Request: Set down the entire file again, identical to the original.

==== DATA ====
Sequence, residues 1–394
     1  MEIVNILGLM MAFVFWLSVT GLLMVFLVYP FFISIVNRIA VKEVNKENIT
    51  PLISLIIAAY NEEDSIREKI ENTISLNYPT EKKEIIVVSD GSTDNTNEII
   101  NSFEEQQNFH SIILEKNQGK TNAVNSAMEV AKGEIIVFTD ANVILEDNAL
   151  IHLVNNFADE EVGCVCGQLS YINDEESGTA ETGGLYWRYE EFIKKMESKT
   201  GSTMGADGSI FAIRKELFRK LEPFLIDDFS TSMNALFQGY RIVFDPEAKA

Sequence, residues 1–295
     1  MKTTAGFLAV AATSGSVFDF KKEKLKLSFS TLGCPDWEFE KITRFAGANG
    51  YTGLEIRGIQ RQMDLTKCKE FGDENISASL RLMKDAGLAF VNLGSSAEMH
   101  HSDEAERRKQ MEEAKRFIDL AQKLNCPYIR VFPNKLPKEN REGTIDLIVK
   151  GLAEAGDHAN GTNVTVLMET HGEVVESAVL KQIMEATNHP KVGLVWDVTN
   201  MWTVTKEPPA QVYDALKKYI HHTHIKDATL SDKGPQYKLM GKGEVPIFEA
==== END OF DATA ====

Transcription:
Sequence, residues 1–394
     1  MEIVNILGLM MAFVFWLSVT GLLMVFLVYP FFISIVNRIA VKEVNKENIT
    51  PLISLIIAAY NEEDSIREKI ENTISLNYPT EKKEIIVVSD GSTDNTNEII
   101  NSFEEQQNFH SIILEKNQGK TNAVNSAMEV AKGEIIVFTD ANVILEDNAL
   151  IHLVNNFADE EVGCVCGQLS YINDEESGTA ETGGLYWRYE EFIKKMESKT
   201  GSTMGADGSI FAIRKELFRK LEPFLIDDFS TSMNALFQGY RIVFDPEAKA

Sequence, residues 1–295
     1  MKTTAGFLAV AATSGSVFDF KKEKLKLSFS TLGCPDWEFE KITRFAGANG
    51  YTGLEIRGIQ RQMDLTKCKE FGDENISASL RLMKDAGLAF VNLGSSAEMH
   101  HSDEAERRKQ MEEAKRFIDL AQKLNCPYIR VFPNKLPKEN REGTIDLIVK
   151  GLAEAGDHAN GTNVTVLMET HGEVVESAVL KQIMEATNHP KVGLVWDVTN
   201  MWTVTKEPPA QVYDALKKYI HHTHIKDATL SDKGPQYKLM GKGEVPIFEA